President Barack Obama on Thursday signed a compromise budget that reduces the risk of another government shutdown and a defence bill that cracks down on sexual assault in the military and smooths the path for transferring detainees from the U.S. prison in Guantanamo Bay, Cuba.
The two-year U.S. budget agreement, negotiated by Congress earlier this month, and the National Defence Authorization Act for fiscal 2104 were among seven pieces of legislation signed by Obama, who is vacationing with his family in Hawaii.
The U.S. Senate passed the budget deal on December 18 to ease automatic spending cuts and reduce the risk of a government shutdown. It was negotiated by Democratic Senator Patty Murray of Washington state and Paul Ryan, Republican from Wisconsin, who is chairman of the House Budget Committee.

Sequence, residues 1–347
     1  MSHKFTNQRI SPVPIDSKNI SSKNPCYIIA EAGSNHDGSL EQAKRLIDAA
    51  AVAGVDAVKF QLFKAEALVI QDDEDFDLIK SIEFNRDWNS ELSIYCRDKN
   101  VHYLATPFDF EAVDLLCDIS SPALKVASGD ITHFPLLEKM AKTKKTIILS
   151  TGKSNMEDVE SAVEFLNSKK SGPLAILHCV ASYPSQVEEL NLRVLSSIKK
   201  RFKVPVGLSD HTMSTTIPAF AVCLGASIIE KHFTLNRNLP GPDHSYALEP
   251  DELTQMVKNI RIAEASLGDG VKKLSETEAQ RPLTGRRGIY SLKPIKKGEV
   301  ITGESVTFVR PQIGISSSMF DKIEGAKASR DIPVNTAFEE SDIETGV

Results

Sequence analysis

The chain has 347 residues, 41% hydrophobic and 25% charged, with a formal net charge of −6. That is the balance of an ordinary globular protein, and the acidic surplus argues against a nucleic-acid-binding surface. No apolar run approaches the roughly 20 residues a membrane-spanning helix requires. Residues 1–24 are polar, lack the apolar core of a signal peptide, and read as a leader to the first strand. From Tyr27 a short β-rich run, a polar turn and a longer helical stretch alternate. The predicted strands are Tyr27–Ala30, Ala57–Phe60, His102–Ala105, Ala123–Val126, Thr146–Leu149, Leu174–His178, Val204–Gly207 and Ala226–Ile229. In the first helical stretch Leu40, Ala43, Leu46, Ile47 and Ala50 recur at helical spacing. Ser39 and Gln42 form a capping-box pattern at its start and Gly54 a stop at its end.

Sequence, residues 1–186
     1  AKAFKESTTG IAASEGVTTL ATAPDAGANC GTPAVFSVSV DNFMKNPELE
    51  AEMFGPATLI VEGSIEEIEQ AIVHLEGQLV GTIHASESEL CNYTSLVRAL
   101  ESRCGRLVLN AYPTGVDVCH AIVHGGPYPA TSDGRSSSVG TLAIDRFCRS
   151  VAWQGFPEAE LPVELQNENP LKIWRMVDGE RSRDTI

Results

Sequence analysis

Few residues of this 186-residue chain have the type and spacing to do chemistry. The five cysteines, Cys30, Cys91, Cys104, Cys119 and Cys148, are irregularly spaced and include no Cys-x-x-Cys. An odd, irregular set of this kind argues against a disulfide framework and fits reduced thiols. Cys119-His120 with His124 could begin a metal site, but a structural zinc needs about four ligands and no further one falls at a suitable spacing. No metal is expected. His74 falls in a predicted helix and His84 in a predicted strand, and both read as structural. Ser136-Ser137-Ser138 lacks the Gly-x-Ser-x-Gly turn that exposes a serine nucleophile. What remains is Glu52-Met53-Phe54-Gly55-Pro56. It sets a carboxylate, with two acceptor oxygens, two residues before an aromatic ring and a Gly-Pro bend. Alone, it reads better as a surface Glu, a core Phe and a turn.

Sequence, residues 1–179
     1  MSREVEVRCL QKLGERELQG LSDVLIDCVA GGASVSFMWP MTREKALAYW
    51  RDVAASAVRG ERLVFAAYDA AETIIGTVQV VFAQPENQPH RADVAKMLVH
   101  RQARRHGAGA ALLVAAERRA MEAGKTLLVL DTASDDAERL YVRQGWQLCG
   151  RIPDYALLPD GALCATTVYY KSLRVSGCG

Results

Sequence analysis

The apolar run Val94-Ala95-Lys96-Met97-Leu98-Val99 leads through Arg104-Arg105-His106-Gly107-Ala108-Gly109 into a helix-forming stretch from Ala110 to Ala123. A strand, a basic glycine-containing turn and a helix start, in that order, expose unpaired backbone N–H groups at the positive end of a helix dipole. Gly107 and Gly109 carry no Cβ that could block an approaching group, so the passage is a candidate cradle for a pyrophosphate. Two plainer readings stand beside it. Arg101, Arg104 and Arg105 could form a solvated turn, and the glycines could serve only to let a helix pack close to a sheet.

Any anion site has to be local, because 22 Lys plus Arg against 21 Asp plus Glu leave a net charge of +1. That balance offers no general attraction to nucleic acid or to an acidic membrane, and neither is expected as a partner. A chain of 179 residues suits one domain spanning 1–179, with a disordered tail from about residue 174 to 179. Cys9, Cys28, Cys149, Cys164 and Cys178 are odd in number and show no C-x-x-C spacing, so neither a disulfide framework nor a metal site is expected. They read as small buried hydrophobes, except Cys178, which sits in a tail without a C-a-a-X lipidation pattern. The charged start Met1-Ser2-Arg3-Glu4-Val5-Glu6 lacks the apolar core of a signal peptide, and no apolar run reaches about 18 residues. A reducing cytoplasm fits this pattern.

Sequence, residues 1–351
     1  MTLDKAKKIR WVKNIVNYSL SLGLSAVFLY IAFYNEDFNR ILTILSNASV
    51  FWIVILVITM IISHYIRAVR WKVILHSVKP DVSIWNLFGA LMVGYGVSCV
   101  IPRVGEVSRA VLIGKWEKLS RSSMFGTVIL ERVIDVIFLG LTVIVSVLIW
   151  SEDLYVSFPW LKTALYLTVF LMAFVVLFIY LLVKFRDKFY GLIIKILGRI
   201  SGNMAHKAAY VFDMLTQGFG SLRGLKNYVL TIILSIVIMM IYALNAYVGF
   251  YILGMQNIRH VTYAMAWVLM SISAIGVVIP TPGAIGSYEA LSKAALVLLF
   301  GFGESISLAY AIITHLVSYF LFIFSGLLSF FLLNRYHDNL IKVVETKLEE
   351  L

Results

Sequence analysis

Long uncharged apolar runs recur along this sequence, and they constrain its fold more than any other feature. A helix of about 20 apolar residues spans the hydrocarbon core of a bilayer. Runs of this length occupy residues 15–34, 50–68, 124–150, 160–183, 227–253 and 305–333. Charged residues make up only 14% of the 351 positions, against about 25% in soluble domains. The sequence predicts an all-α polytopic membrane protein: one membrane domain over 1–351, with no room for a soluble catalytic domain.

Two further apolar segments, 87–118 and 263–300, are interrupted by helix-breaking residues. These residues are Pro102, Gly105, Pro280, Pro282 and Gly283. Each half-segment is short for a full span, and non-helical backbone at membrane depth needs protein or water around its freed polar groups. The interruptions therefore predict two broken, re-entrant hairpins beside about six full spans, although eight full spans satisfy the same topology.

Obama at that time praised the measure – the first budget agreed to by a divided Congress since 2009 – saying it was “a good first step away from the short-sighted, crisis-driven decision-making that has only served to act as a drag on our economy.” He did not comment further on Thursday.
The Senate approved the annual defence policy bill on December 20, one of its final actions before leaving for the Christmas break.
The act authorizes a Pentagon base budget of $526.8 billion in the 2014 fiscal year. That amount will have to be reconciled early in the New Year with the $498 billion agreed to in the budget deal.
The wide-ranging bill also included several measures to reform the way the military justice system responds to sexual assaults among members of the military and boosts the Pentagon’s ability to help destroy Syria’s chemical weapons.
The bill also makes it easier for the White House to transfer prisoners from the military prison in Guantanamo Bay, Cuba, to countries willing to accept them.